Published: Oct 06, 2012 07:00 PM
Modified: Oct 06, 2012 04:58 PM
DURHAM - Research Triangle Foundation CEO Bob Geolas gave city and county leaders the big-picture plan for Research Triangle Park on Wednesday, with the details yet to be determined.
The plan calls for making the 53-year-old research park over in 21st-century style, with dense development around mass-transit stations, including stores, restaurants and homes alongside offices and laboratories.
“We want to make sure we keep the park at a position where we can adapt and change to all the growing industry and research demands that we may see,” Geolas told Durham’s Joint City-County Planning Committee.
The plan calls for development “tiers” across the park’s 7,000 acres, using some of the wide lawns and deep setbacks for future building sites. New regulations would create three thematic “clusters”:
• Mixed-Use Center toward the park’s north end, “with spaces exciting and engaging enough the public will want to visit”;
• Park Center near the old Governor’s Inn location, with office and commercial space in “an area of the park that definitely needs upgrading”; and
• Research Cluster at the south, with a small “amenity core” serving research businesses.
“Think of it as a sophisticated infill project,” Geolas said.
Mass transit, he said, is a key element, with the clusters set along the proposed commuter-rail line between Durham and Raleigh and, possibly, a light-rail line within the park itself.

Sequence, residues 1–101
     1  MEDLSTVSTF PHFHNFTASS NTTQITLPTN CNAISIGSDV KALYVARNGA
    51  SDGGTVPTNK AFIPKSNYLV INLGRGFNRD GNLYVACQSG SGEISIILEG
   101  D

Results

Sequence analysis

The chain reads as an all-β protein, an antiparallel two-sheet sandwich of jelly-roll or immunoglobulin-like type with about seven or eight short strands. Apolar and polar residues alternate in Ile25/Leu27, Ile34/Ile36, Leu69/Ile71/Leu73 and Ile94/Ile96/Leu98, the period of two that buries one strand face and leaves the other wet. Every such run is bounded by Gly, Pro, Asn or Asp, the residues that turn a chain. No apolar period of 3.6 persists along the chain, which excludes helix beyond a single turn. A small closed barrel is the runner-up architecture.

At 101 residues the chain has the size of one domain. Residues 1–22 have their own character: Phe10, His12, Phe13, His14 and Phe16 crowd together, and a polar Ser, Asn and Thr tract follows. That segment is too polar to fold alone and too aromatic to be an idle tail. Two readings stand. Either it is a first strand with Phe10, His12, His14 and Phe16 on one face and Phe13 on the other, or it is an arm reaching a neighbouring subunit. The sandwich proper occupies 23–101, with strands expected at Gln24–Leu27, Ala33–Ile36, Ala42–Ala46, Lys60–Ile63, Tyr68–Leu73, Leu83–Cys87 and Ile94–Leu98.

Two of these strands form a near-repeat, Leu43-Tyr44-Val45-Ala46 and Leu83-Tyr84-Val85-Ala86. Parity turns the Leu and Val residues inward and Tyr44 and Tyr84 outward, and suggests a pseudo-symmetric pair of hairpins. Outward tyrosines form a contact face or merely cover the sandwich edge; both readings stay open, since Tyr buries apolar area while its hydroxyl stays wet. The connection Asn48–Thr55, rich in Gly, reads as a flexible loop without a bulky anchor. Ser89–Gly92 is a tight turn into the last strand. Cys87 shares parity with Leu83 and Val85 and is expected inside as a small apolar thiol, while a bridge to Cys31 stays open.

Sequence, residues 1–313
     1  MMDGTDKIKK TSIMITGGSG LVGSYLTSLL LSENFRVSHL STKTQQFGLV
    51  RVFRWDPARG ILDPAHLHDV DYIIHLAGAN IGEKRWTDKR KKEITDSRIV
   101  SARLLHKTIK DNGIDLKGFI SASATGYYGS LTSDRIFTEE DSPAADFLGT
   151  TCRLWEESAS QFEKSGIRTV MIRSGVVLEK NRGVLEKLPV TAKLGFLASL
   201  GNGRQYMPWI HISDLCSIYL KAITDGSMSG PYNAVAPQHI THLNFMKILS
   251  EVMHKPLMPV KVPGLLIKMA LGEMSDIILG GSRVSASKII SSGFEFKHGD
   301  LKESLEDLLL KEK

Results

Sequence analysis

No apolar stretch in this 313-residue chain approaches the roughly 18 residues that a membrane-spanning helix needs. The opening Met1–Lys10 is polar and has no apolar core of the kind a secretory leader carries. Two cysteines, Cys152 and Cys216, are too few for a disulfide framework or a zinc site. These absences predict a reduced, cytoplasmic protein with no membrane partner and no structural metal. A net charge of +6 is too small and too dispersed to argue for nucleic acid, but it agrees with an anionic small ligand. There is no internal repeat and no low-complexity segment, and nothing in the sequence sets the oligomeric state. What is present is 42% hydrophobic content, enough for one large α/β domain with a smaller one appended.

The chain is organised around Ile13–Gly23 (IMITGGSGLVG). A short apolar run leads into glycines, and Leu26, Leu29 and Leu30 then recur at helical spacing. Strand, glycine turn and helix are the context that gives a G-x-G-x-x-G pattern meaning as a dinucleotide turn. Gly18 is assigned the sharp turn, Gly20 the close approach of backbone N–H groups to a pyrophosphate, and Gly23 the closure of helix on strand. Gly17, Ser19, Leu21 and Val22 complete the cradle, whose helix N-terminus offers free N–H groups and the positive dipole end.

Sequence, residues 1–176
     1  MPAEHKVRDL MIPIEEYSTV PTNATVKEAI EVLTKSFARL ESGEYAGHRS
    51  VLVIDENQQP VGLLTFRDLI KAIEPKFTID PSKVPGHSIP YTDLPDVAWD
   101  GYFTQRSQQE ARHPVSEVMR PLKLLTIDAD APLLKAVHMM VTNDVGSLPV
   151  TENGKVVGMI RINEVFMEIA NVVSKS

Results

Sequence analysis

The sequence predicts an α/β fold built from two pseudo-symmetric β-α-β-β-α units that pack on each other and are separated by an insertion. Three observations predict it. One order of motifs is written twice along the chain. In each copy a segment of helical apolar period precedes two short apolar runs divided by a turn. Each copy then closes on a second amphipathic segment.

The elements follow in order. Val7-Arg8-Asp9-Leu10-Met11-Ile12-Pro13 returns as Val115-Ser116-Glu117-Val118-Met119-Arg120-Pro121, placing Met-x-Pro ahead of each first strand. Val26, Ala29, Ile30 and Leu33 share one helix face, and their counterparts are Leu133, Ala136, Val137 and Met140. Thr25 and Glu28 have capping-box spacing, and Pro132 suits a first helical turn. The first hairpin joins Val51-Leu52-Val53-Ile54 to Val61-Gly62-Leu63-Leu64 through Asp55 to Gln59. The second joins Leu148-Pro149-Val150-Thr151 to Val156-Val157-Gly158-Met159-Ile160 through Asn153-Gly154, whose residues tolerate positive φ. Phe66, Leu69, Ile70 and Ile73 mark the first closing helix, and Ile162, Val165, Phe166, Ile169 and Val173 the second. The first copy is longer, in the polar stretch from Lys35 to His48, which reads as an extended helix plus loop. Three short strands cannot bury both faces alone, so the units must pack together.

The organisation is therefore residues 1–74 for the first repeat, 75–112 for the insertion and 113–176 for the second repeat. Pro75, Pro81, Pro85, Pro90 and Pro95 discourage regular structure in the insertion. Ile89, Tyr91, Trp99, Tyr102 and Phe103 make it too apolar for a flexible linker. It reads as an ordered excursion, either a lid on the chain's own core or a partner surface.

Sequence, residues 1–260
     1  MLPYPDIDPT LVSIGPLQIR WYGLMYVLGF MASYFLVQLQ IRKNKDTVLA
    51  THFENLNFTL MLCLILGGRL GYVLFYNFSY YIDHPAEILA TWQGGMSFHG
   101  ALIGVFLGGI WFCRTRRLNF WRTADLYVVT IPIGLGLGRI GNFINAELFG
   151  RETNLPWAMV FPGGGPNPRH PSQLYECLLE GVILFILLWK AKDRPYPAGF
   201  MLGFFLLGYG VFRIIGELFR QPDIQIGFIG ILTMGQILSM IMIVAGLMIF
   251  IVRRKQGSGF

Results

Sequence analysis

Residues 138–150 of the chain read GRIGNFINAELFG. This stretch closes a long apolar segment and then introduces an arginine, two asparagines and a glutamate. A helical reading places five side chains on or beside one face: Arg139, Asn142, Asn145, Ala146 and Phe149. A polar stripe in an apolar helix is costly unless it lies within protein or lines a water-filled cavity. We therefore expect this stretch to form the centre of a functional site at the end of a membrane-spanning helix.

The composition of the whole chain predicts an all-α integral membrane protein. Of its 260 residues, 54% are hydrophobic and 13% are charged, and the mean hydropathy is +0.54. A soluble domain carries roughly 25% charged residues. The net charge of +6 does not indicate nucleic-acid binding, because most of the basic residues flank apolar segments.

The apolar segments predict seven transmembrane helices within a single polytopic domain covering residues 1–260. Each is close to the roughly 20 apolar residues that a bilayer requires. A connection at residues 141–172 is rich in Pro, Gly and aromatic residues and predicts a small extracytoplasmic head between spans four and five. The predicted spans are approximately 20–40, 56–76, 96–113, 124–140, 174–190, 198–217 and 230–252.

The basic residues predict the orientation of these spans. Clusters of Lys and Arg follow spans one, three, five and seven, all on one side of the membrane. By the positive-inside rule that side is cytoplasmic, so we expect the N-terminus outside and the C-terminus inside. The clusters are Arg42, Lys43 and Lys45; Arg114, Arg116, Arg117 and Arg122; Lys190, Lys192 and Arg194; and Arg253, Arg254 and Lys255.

The plan also calls for some new service and “pedestrian-scale” roads, improved landscaping and water conservation measures.
City Council Member Diane Catotti asked who’s going to pay for it.
“We have to have some private capital,” Geolas said. “We as a foundation will look at our own investments we can make in the park. ... Then we would look at what adjustments could be made in the special tax district we are in.”
“The obvious question for me is, what are you going to be asking from the city and county?” Catotti said.
“At this point we don’t have those expectations,” Geolas said.
Retailers and other new auxiliary businesses would have to pay regular county sales taxes, and hotel guests would pay an occupancy tax, said County Commissioner Ellen Reckhow.
Mixed-use density is a radical departure from RTP’s current design, with broad lawns and woods separating buildings. The campus concept reflects 1950s tastes, but times and tastes have changed, Geolas said.
Still, it took an act of the General Assembly to allow for the sort of reconceiving the park’s management has in mind. In its last session, legislators let RTP and its local governments create “Urban Service Districts” for combinations of research, retail and residences.
“People are working differently than they used to,” he said. Park employees want to engage with each other and want amenities such as coffee shops and places to eat, which the current park lacks.
“We want to make sure the park is highly collaborative. That’s not just that buildings are closer together with common spaces and courtyards that foster collaboration but that we build a much more collaborative culture within the park ... and with areas around the park” to avoid any “boundary where the park exists and the real world begins.”